No mention is made in Luke of the divine power by which the Lord Jesus, speaking His Old Testament name, "I Am", put His attackers prostrate on their backs. Only John mentions this (John 18:6). But His calm rebuke to the chief priests, captains and elders in verses 52 and 53 should have burned deeply into their consciences. They had come with carnal weapons, but His daily contact with them in the temple had shown that He never adopted such weapons. The incongruity of their coming in this way only exposed their evil motives. "But," He added, "this is your hour and the power of darkness" (v.53). They were to be allowed in their brief hour, to fully express their hatred against Him and against God, they being the willing tools of satanic power.



The Lord with calm dignity submitted to being apprehended. First, He was brought to the house of the high priest, a man responsible to be Israel's intercessor, but become the accuser of Israel's Messiah! Peter followed, but afar off. In fact, all the disciples had at this time forsaken Him and fled (Matthew 26:56). John had however later entered the high priest's house, and through his influence Peter also was allowed in (John 18:15-16). Peter's heart needed warming, but the world's fire is a poor substitute for the Lord's companionship. Peter sat down in the wrong company. His self-confidence (v.33) his rash use of the sword (v.50), his following afar off (v.54), had been leading him in this dangerous direction, and now he was caught in Satan's snare. It required only the words of a girl to frighten him into denying that he knew the Lord.

Peter had a little while to think this over before another challenged him, with the same result. Then an hour went by before the third challenge, a confident, pressing one. What could he expect in remaining in their company? He certainly had no more strength the third time than the first, except to deny more strongly that he knew the Lord. As he spoke, the rooster crew. How could his eyes refrain from turning toward the Lord, as the Lord turned to look (surely in tender compassion) at Peter? No use any longer to try to brazen the matter through: he went out and wept bitterly. For he was "wheat," a true believer, but he had miserably failed in this solemn sifting of Satan. What believer has not had a similar experience in one way or another falling under Satan's attack?



Our eyes are directed now to the Master, who was the object of the vindictive hatred of the Jews who had arrested Him (vs.63-65). With the same quiet calmness of perfect manhood He bore in lowly dignity the many abuses inflicted on Him all that night. Luke does not say as much about this ordeal as does Matthew, but refers to the many things spoken blasphemously against Him. Peter did not have the privilege of witnessing the Lord's calm dignity in bearing the cruel abuse of the soldiers.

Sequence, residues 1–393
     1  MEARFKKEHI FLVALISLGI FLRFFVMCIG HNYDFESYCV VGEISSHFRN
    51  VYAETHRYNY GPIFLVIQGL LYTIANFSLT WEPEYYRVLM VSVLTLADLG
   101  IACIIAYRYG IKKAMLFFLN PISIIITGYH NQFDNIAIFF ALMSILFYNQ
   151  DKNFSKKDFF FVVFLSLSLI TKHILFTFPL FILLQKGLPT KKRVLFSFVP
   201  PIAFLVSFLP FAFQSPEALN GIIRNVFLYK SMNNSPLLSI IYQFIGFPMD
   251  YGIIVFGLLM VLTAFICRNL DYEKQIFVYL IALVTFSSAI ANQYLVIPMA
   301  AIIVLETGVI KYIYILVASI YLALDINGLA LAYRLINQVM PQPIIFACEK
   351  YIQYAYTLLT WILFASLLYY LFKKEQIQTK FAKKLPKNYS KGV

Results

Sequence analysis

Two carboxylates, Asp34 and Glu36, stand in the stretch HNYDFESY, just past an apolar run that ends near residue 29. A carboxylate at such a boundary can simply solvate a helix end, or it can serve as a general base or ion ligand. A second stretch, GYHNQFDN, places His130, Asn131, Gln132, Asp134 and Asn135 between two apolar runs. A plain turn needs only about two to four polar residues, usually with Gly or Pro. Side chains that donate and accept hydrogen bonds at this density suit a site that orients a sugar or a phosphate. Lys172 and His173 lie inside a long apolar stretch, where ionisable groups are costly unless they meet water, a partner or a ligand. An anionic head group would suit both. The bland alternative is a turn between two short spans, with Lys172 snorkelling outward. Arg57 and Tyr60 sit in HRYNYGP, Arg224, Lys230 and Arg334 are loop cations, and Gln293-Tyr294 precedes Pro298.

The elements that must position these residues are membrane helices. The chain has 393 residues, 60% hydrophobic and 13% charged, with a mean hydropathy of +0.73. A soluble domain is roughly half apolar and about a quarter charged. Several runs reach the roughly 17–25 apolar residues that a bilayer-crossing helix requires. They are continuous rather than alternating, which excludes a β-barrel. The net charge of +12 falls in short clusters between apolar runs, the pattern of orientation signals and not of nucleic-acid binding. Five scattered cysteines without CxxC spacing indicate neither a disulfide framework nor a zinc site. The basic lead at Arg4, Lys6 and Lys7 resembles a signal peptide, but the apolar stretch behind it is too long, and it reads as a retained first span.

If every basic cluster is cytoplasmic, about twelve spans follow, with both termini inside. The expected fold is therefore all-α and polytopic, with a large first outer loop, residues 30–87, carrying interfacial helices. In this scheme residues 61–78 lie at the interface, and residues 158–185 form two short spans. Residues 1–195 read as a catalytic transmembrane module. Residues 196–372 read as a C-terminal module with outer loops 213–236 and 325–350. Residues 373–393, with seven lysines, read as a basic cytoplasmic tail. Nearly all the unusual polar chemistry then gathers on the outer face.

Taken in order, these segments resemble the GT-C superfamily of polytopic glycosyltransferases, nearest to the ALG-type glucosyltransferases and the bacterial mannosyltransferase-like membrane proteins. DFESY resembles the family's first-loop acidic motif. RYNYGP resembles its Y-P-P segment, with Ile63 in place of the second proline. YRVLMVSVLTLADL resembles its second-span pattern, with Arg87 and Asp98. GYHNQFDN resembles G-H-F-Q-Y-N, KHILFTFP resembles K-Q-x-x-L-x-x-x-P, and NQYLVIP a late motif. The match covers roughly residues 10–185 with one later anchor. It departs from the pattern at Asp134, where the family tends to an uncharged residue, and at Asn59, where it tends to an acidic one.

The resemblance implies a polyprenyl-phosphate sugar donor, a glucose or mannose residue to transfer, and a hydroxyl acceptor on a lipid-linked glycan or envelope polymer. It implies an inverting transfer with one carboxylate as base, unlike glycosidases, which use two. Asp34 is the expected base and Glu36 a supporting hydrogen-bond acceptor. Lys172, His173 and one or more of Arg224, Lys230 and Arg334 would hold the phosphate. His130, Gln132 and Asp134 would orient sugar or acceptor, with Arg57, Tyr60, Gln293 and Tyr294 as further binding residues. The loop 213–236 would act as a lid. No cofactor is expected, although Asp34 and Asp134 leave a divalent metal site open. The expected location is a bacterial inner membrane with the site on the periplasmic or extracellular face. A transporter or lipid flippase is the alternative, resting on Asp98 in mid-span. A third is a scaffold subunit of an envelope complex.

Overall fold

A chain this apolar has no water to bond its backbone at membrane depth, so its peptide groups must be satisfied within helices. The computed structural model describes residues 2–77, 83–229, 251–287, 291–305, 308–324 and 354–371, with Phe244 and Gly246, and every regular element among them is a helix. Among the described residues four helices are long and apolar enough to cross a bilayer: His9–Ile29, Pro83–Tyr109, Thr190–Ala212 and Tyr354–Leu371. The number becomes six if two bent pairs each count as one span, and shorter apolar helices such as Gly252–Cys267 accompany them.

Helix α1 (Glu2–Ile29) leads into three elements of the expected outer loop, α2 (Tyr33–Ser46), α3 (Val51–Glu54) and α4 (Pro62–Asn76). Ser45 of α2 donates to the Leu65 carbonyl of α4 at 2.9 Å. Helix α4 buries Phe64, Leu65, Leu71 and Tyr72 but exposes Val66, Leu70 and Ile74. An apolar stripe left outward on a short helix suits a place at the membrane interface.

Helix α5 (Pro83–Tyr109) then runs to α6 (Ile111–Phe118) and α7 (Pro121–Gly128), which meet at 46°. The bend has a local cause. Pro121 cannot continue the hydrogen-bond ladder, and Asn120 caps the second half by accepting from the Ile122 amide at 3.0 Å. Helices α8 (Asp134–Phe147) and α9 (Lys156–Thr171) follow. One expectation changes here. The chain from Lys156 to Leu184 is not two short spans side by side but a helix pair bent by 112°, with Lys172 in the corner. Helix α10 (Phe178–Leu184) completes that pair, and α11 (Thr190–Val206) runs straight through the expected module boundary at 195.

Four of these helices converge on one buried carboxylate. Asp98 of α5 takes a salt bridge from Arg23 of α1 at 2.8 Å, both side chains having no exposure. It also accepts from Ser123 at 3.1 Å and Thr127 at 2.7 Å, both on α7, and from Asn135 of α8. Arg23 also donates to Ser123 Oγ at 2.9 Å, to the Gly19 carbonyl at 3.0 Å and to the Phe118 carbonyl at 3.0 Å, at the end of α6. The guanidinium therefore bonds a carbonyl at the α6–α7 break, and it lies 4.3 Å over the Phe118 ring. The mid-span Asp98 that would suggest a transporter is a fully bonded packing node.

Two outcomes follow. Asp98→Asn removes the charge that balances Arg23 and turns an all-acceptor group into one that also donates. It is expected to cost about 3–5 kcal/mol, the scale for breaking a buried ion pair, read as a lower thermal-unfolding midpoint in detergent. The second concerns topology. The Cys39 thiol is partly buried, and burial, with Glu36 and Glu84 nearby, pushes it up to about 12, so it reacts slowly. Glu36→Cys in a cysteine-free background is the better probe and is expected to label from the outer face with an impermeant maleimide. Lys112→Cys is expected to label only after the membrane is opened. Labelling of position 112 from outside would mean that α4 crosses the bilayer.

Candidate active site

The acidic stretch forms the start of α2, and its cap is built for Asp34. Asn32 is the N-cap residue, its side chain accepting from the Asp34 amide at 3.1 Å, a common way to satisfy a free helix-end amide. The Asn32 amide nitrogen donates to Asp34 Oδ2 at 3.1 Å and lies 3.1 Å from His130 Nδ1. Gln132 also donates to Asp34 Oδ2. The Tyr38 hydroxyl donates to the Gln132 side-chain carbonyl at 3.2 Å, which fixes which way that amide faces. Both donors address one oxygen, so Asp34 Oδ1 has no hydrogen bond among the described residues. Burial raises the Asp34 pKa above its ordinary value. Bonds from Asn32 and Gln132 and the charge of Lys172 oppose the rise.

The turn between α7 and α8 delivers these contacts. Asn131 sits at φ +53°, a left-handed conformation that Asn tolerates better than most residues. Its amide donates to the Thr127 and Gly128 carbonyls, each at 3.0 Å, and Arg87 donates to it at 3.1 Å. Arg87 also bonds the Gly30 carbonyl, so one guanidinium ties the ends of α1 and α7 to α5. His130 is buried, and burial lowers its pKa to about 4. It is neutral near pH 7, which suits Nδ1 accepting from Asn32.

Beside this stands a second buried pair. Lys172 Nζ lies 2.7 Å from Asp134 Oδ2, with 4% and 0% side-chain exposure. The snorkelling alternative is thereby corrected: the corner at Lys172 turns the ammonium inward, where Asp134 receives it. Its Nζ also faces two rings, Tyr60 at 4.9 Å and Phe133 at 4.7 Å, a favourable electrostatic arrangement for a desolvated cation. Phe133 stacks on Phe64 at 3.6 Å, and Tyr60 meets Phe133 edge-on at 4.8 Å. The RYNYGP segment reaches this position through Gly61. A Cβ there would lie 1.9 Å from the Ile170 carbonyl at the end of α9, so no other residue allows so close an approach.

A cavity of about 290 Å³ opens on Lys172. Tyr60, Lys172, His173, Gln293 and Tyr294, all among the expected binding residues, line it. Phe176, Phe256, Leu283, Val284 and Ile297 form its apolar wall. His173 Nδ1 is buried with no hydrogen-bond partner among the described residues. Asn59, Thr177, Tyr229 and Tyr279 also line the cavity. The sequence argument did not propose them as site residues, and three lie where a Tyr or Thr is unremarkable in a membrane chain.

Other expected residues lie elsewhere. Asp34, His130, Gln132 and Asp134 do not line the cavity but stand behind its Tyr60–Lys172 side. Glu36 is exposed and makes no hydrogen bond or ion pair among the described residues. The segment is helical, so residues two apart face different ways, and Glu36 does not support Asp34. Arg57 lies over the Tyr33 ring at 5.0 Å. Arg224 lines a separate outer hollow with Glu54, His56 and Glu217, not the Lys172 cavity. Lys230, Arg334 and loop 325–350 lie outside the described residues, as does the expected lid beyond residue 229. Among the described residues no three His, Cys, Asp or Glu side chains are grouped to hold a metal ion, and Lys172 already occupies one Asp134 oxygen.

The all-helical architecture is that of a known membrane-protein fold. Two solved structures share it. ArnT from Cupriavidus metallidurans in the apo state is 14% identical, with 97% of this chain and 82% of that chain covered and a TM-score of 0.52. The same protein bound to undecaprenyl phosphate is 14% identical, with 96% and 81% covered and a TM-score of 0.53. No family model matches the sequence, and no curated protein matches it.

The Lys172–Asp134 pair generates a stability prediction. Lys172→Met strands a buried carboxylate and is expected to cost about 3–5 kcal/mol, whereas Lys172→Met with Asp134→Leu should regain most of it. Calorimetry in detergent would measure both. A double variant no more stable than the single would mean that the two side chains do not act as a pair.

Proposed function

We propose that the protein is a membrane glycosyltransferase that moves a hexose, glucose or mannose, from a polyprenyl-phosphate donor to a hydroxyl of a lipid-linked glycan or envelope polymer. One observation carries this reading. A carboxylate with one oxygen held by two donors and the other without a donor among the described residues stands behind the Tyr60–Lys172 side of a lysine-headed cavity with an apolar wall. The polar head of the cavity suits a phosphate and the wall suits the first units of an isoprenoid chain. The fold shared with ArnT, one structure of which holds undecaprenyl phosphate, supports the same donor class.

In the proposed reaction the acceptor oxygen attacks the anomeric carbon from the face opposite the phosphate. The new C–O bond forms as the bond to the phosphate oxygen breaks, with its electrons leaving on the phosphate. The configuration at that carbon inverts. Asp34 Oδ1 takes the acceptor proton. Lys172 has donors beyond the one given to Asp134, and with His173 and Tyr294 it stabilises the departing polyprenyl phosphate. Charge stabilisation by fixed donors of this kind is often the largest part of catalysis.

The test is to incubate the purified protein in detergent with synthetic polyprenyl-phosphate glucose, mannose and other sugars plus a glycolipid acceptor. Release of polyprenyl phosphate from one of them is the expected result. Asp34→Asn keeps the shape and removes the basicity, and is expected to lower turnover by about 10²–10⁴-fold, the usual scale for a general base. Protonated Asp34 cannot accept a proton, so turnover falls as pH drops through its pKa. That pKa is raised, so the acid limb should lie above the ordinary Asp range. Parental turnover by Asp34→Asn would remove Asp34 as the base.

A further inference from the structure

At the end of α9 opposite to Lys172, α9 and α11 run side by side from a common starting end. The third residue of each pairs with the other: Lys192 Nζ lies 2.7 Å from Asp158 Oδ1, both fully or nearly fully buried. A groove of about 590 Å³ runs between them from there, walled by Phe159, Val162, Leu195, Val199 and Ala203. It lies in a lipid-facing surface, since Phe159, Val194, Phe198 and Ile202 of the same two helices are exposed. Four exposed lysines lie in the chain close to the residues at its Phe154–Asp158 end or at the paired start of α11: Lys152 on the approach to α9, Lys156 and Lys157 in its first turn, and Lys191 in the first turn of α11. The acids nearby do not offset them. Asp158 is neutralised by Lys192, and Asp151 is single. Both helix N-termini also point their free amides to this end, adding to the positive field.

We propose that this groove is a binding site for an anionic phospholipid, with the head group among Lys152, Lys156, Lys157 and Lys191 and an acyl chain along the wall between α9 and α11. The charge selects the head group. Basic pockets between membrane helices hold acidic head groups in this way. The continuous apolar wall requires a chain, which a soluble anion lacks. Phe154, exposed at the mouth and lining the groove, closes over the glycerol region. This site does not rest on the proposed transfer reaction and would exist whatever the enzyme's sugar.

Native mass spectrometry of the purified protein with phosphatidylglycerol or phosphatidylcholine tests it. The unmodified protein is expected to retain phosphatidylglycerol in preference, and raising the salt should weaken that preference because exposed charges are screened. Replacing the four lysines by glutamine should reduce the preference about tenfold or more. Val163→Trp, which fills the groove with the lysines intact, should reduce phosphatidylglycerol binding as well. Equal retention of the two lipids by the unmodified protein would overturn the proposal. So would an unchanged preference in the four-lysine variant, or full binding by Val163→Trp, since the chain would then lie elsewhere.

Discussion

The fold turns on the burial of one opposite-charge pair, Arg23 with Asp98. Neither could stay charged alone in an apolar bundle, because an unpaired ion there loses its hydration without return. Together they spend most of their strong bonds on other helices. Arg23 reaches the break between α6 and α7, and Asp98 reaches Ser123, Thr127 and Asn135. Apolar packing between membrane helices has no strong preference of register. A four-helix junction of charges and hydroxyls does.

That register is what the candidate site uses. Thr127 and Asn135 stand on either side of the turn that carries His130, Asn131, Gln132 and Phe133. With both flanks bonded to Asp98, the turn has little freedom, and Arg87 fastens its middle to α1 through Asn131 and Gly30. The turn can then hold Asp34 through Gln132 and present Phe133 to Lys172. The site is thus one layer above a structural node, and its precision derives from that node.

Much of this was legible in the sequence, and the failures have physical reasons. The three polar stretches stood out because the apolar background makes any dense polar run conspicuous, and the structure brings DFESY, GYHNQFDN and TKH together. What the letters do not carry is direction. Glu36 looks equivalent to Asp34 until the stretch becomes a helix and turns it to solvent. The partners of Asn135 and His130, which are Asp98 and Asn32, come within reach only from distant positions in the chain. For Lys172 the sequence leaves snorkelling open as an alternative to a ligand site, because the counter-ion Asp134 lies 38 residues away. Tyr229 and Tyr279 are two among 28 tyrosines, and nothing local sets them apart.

In the early morning the Jewish council (the Sanhedrim) was gathered to sit in judgment against the Lord Jesus. Yet the due order of a court was glaringly absent. No charge was laid, but they asked Him if He was the Christ. He responded that if He would tell them the truth, they would not believe Him. They had already made up their minds to disbelieve Him. On the other hand, if He would ask them the same question, that is, if He was Christ, they would not answer. They did not want to be involved in a discussion as to who the Christ really is, lest they should trap themselves. But they demanded that He declare Himself, was He the Christ? Why did they ask Him this? He had not demanded any official position as Christ, the Messiah. Nor would His answer to them in one way or the other affect their determination not to let Him go. They were seeking only some deceitful justification for their murderous intentions.

But He added a positive, solemn, striking statement to the effect that, in spite of all they would do against Him, the Son of Man would in due time sit on the right hand of the power of God. Though killed Him, God would exalt Him above all creation.

Blindly, they have no hesitation in fighting against God. They asked the crucial question: was He the Son of God? His answer was positive, the form of the expression meaning simply, "as you say, so it stands: I am." He had not been advertising who He was, but the matter bothered their consciences: they were afraid He might be the Son of God because of much evidence in His life and ministry, but they hated the thought of having to give Him a place of honor, and in spite of every evidence they were determined to reject Him. His answer then was all the more designed to strike their consciences.

Because of the Lord's answer they considered they had justification for condemning Him. His faithful confession was interpreted by their religious prejudice as blasphemy. He was condemned for telling the truth as to who He is.

Bibliographical Information
Grant, L. M. "Commentary on Luke 22". Grant's Commentary on the Bible. https://www.studylight.org/commentaries/eng/lmg/luke-22.html. 1897-1910.